This topic is now archived and is closed to further replies.


Acne Bacteria Causing Back Pain

1 post in this topic

I found out I have 3 herniated dislocated discs that have impacted my nervous system. I was trying to find out if that can cause acne, but I read some articles that claim that it is acne bacteria that actually cause back pain, not vice versa. Not to say that all back pain is caused by acne bacteria, but that it is one possibility for acne prone individuals and people who have bacterial infections. Apparently, acne bacteria invade spinal discs and can cause infections that are treated with antibiotics.

What to you think? Does that seem like a plausible theory? If I wanted to try an anti-bacterial treatment without antibiotics, do you think that could work? The only natural alternative to antibiotics I currently own is ViraStop, but if my discs are indeed infected, would these enzymes be strong enough to fight it?

I was also wondering if you think that dislocated discs can increase inflammation in the body, and if so, what's the fastest way to reduce inflammation? My diet has been anti inflammatory for a long time now, and am taking vitamin C to fight off infections....not sure what else I could do at this point.

Current regimen: garlic supplements  & turmeric [as needed, for antioxidants, both are AMAZING for skin], Enzymedica gluten blocker/ digestive enzymes [as needed], nicadan [the only vitamin presciption I take -1/2 per day works well], DIM (needed), inositol (very rarely nowadays - no longer needed as my PCOS is balanced). Also trying herbs for adrenal fatigue. I try to simplify as much as I can. Don't take more supplements than you need....try one at a time and be patient.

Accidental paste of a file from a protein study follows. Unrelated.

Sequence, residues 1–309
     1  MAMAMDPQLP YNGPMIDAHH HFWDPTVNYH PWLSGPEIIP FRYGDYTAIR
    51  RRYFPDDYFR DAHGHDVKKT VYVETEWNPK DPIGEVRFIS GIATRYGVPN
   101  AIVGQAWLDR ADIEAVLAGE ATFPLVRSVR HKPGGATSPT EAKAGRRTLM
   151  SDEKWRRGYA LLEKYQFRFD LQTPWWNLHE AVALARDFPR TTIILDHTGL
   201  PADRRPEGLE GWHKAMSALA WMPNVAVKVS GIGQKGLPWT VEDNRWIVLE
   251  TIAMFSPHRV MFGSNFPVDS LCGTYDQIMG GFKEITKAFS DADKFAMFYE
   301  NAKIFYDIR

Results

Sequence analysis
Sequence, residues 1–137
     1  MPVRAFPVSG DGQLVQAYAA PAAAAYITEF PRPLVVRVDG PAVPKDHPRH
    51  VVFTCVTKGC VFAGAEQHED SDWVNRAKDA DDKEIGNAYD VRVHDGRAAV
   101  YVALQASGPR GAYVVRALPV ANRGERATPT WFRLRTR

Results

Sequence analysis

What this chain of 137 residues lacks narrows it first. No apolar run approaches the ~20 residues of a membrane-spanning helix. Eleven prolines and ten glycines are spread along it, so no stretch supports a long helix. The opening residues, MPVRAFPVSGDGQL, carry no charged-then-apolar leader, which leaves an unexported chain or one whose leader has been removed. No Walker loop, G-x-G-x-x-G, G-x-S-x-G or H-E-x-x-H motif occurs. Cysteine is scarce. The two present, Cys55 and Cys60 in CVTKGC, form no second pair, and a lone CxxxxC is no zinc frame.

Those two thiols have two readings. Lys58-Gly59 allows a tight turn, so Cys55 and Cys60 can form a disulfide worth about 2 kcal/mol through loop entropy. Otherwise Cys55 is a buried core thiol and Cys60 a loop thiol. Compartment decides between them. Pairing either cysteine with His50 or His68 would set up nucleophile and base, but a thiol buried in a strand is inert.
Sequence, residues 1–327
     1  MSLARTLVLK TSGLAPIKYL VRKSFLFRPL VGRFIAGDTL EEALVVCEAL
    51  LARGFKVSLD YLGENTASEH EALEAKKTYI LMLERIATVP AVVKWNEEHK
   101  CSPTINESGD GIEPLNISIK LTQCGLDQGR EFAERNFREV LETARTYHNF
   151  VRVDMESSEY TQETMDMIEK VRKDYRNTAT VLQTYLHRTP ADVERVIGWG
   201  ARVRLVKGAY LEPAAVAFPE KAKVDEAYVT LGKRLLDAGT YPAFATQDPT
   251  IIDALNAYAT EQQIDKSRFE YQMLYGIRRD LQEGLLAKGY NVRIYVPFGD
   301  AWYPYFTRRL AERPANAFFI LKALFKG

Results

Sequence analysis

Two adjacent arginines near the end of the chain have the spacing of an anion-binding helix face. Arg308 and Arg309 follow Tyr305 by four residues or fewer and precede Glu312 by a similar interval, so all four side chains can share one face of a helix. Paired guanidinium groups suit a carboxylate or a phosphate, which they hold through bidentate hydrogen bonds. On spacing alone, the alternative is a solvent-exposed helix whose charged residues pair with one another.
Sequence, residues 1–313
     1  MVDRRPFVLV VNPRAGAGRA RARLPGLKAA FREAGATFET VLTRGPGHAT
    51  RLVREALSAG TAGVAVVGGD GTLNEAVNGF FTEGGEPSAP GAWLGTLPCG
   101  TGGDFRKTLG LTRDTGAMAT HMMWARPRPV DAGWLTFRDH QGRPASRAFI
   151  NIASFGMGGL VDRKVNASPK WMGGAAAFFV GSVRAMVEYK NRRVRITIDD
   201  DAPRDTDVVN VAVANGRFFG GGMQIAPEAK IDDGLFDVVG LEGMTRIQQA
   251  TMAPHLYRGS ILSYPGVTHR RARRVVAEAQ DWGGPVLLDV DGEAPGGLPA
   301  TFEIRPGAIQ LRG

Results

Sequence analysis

The supplements that really helped me when my acne was at its worst: inositol, DIM [not as frequently now!] digestive enzymes [don't need them every day anymore, only on cheat days], herpanacine & vitamin C with rose hips/ low acid [not every day], regular sun exposure for vitamin D3, superoxide dismutase (SOD) enzyme supplements. NOTE: I do not recommend DIM for long term use, and I do not recommend hormonal creams without doctor supervision.

Lifestyle & Skin Care: acupuncture, regular exercise/ yoga, low histamine diet, avoiding unnecessary stress, balancing skin's PH (using BioClin and other products), using distilled/ filtered water to wash face, occasional high frequency & lactic acid peel facials...


Grocery list:



** Find the cause, find the cure **

** If you have a question for me, please ask it publicly so that others can benefit from the discussion**



Share this post

Link to post
Share on other sites